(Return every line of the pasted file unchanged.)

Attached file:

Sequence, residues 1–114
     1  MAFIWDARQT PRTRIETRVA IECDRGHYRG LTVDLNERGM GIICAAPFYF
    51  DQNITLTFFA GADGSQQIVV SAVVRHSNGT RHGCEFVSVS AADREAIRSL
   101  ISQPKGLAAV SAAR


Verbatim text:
Sequence, residues 1–114
     1  MAFIWDARQT PRTRIETRVA IECDRGHYRG LTVDLNERGM GIICAAPFYF
    51  DQNITLTFFA GADGSQQIVV SAVVRHSNGT RHGCEFVSVS AADREAIRSL
   101  ISQPKGLAAV SAAR